Turntable.fm is a great example.  People can chat within turntable.fm and so users can connect and interact with each other.  When you create the right dynamic within your product, internal communities develop on their own.

Twitter is another good example.  Conversations take place within the twitter platform, so internal user communities develop on their own.

External communities are valuable because:

1. You can create awareness and leads.  In the case of the example I gave before about a sports equipment company, by connecting people with each other through their love for sports, those people will relate that back to the company because the company facilitated the relationships.  They’ll then become more aware and confident in the brand.

2. You can learn a lot.  Sometimes it’s really important to get feedback from people who haven’t already used your product.  You can pick up on trends, and identify new opportunities by talking to people in external communities.

3. They’re less work to maintain.  Really, if you’ve done a good job, the community will be self-sustainable.  The community members will drive discussions, and bring their own networks into the community.

You can also engage with existing external communities instead of building them from scratch.

There could always be overlap. The people in these external communities may also be part of your internal community.  The goal is really to convert external community members who are loosely tied to your brand into internal community members, who are closely tied to your brand.

With external communities you don’t want to inject your brand into it too much.  You don’t want to be forceful.  Build the community around a common interest, and because it was your brand that brought those people together, they will naturally relate the experience back to your brand like from heating services ogden ut which got their reputation by building quality heaters.

With internal communities, the people are already connected to your brand, so focus on enhancing that relationship.  Make the power users and best customers feel special.  If you do this properly, they’ll help you build your community further.

Are you building an internal community or an external community?  Which one do you think is more important?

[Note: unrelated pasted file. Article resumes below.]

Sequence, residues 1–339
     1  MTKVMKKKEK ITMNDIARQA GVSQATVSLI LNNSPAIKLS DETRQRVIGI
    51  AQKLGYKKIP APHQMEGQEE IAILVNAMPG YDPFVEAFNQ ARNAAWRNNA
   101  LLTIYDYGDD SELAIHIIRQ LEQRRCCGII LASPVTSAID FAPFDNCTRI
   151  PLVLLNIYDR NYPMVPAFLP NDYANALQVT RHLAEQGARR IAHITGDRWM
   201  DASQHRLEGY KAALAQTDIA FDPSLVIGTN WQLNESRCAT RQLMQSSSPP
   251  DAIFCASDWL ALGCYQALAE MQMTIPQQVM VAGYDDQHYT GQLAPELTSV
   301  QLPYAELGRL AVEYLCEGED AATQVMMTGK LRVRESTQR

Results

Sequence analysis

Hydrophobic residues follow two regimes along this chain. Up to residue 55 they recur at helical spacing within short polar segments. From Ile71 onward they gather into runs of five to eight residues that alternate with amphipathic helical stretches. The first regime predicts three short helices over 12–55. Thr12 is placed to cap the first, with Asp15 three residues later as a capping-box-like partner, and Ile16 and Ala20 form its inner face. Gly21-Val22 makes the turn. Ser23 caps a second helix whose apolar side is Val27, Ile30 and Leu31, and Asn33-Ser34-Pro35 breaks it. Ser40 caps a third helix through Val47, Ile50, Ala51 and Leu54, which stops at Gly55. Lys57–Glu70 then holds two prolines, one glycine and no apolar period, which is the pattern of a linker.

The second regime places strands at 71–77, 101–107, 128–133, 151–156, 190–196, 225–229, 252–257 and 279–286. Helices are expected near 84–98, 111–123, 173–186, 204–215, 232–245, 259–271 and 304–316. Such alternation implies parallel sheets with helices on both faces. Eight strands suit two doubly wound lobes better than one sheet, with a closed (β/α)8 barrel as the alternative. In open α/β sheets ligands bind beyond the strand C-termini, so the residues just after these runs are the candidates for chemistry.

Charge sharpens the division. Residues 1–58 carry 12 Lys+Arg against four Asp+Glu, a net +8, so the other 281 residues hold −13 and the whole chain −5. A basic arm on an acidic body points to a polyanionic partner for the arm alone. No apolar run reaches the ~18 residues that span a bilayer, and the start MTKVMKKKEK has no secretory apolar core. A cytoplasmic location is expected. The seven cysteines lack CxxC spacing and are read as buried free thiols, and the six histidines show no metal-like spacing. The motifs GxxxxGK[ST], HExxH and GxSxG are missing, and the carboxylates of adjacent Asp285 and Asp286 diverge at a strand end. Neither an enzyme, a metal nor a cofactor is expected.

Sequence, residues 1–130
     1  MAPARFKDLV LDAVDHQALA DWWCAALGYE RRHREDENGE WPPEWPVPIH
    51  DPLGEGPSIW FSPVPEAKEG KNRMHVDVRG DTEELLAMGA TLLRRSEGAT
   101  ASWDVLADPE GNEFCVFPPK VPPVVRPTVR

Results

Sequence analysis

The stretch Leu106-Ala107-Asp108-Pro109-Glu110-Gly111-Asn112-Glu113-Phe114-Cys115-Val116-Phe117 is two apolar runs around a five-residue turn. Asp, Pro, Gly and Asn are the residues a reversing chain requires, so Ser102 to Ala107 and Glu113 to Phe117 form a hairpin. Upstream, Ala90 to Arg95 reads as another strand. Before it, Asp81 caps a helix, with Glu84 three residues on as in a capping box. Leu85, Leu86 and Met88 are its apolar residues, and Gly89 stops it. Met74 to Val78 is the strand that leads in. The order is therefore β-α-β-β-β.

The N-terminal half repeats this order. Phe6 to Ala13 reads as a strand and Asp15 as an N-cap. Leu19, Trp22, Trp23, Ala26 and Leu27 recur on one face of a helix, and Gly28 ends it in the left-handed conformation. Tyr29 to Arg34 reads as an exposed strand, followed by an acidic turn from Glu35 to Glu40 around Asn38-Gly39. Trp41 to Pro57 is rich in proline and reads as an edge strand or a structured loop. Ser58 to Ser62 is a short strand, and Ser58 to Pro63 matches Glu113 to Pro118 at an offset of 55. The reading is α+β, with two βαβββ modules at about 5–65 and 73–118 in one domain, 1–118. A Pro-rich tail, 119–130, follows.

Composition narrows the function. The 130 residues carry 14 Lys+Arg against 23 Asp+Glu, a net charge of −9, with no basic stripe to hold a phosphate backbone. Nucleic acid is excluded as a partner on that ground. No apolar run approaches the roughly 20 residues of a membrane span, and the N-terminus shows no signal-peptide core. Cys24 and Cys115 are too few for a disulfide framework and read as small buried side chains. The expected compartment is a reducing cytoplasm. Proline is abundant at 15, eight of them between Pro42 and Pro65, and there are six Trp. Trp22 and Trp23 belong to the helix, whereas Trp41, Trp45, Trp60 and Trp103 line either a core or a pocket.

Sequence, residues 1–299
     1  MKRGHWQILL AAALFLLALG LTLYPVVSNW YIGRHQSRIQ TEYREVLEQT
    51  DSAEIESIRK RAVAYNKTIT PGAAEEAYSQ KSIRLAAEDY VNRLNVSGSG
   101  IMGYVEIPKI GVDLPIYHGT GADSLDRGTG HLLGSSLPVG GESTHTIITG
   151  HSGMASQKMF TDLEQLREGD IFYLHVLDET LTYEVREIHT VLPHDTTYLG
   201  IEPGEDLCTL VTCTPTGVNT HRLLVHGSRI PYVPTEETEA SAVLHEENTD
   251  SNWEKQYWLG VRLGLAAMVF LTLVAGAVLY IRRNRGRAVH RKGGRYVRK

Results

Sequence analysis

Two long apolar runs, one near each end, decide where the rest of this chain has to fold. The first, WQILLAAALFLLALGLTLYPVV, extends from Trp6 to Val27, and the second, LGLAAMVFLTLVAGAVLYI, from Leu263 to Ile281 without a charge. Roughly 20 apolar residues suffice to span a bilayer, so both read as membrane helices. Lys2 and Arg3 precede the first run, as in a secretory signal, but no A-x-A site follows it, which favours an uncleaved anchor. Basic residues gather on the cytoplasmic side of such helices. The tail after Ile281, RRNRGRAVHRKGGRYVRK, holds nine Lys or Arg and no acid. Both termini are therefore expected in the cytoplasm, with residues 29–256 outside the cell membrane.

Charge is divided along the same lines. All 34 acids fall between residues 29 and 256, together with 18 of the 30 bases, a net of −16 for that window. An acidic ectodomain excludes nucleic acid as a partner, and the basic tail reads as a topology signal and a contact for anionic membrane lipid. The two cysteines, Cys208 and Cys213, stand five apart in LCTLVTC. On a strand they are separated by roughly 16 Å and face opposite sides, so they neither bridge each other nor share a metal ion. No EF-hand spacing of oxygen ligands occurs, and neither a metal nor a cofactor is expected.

My Next Big Leap: I’m Joining Zaarly

Photo cred: Feel Mystic

It’s time for my next big leap.  Today is my first day at Zaarly as the Director of Product Marketing and Community.

I can’t even explain how excited I am for this opportunity.

While Zaarly is an idea that will be extremely difficult to build into a reality, if we can make it happen, it will have a huge impact. The chance to be a part of something like this only comes once in a lifetime.

What will I be doing?

While product marketing is a very common position, my actual role is pretty unique.  I’ll have the opportunity to apply my experience in three areas: community, marketing and product.

Essentially, I will be working to make sure that all three areas are well aligned, building a strong community, and translating the needs of that community into the product.

So I get to focus on the specific things that I love.  Connecting people with each other and building an amazing product for them.

On top of all that, the Zaarly team that I’ll be working with is epic.  My brother from another mother Shane Mac and I will be working directly together along with Adam Hofman, Eric Koester and the rest of the squad. I also have the amazing opportunity to work with Bo Fishback, who has become an amazing friend and mentor over the past few months.

They’re all good, genuine people, who hustle their ass’ off and put a lot of focus on being honest and direct with each other.  I thrive in that kind of environment.

As far as location, I will still be living in NYC while occasionally traveling to Zaarly’s other locations, and to the cities where Zaarly is growing.

…and now for the big question

What about BlogDash?

I’ve thought a lot about how I could potentially phrase this part.  I’m just going to be completely honest.

This was hands down the hardest decision I’ve had to make in my career.  I poured everything I had into BlogDash.  It’s my baby and it’s all going SO well.  We’re getting customers every day, we’re getting more and more traction.  It has all the signs of a good market fit in the making.

I was not looking for a new job.  Things just seemed to align in a really weird and powerful way with Zaarly.  When it comes down to it, this was an opportunity that I just could not pass up.

I think about what we did with BlogDash.  We did a lot of things right and plenty of things wrong.  I know that I have a lot to learn as an entrepreneur, and I strongly believe that my experience at Zaarly will fully prepare me for my next endeavor.

I did everything I could to make the transition easy for my partner Marc, and the rest of the team.  Marc has been extremely supportive of my decision.  I can’t thank him enough for the amazing opportunities he’s made possible for me over the past couple years.

Will I still be involved in BlogDash?

Yes but to what extent is still undetermined. I will likely be stepping back and assuming the role of an advisor.

I’m so proud of what we’ve accomplished so far, and where the site is going.  It has a real opportunity to make a positive impact on the media relations space, and we will do everything we can to make sure that that vision becomes a reality.

I’m confident that the rest of the team will be able to get through this transition, and we’ll continue to build BlogDash into a successful business.

The other stuff…

As far as my other side projects

My involvement in u30pro, TCM and Ask Summit will continue as normal.

I can’t thank all of you, my friends, family and readers for all your support these past few years.  It’s been an insanely awesome ride since I first started this blog and got involved in the social web space.

If you have any questions at all regarding this announcement, you can reach me at spinks at zaarly dot com.

Let’s do the damn thing!